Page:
Study: Catheter-directed thrombolysis first option for pulmonary embolism
The use of catheter-directed thrombolysis saves lives and should be considered a first-line treatment option for massive pulmonary embolism, according to a study in the November issue of the Journal of Vascular and Interventional Radiology.

Catheter-directed thrombolysis is an interventional radiology treatment that uses targeted image-guided delivery with specially designed catheters to dissolve lung blood clots. William Kuo, MD, department of radiology, Stanford University Medical Center in Stanford, Calif., and colleagues conducted a meta-analysis of that treatment in 594 patients in 18 countries between 1990 and 2008.

The treatment involves the insertion of the catheter by an interventional radiologist into a patient’s blood vessels. The radiologist guides the catheter using real-time imaging without traditional open surgery, which allows the radiologist to deliver a medication directly to the clot that will break it up. The radiologist can also mechanically break up clots and suction them out.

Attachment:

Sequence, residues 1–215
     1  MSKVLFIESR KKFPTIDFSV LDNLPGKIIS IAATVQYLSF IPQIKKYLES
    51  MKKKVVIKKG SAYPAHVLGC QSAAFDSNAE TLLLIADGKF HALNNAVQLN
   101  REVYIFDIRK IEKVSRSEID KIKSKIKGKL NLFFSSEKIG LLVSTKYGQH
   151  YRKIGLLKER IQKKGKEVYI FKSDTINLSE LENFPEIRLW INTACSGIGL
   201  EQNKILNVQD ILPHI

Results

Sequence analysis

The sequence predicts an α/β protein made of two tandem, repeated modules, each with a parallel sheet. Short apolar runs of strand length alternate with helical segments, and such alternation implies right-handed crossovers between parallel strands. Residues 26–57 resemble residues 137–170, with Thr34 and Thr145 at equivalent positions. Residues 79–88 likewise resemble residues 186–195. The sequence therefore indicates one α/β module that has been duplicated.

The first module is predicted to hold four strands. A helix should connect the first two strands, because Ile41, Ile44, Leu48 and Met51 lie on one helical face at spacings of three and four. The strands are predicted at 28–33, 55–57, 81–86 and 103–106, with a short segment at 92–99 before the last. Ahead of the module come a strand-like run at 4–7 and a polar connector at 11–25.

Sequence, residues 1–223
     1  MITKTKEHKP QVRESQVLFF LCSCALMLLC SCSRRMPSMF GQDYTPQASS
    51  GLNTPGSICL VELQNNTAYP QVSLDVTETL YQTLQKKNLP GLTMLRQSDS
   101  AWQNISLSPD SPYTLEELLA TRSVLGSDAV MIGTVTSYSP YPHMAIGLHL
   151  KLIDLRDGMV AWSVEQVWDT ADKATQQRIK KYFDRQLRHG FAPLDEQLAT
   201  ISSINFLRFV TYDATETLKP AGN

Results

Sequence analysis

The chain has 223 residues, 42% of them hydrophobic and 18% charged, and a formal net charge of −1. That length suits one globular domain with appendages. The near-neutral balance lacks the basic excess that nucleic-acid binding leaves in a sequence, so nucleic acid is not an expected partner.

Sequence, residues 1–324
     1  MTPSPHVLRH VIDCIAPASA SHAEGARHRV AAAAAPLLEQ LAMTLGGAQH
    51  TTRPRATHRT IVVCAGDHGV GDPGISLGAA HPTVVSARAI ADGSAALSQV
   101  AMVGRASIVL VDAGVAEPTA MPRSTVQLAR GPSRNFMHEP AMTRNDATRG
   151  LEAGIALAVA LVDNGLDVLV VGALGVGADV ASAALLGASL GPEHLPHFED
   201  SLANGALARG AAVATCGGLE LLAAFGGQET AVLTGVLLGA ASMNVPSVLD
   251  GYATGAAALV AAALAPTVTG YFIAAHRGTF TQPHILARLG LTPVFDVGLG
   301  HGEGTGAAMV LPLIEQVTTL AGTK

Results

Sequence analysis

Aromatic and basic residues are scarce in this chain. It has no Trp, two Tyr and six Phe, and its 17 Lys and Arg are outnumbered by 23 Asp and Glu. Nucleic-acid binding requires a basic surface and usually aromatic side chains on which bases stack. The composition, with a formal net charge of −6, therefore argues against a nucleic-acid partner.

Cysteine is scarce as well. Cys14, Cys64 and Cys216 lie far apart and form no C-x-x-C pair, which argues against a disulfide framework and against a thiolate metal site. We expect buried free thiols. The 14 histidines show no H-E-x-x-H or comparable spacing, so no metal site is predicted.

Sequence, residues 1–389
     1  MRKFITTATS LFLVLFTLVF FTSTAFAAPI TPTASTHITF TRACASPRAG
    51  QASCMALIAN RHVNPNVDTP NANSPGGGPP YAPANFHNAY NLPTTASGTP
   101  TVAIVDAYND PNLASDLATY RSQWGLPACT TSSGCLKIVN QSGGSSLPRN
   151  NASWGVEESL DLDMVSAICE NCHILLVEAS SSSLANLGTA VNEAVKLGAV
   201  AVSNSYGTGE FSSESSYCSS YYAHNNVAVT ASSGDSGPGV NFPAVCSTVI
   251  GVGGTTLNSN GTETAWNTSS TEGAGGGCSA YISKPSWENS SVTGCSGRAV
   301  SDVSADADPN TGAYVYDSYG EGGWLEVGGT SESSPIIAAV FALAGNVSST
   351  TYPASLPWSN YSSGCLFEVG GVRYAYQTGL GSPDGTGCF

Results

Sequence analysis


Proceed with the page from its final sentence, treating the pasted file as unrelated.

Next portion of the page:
According to the study, the procedure was lifesaving in 86.5 percent of the cases studied and had just a 2.4 percent chance of resulting in major complications.

"Modern catheter-directed therapy for acute pulmonary embolism saves lives, and we need to raise awareness about its safety and effectiveness not only among the general public but also within the medical community. It's a matter of life and death," said Kuo. "In our study, we conclude that modern catheter-directed therapy is a relatively safe and effective treatment for acute massive pulmonary embolism and should be considered as a first-line treatment option," he added.

Kuo said that additional studies are needed to see if the treatment should be used in patients with less severe pulmonary embolism.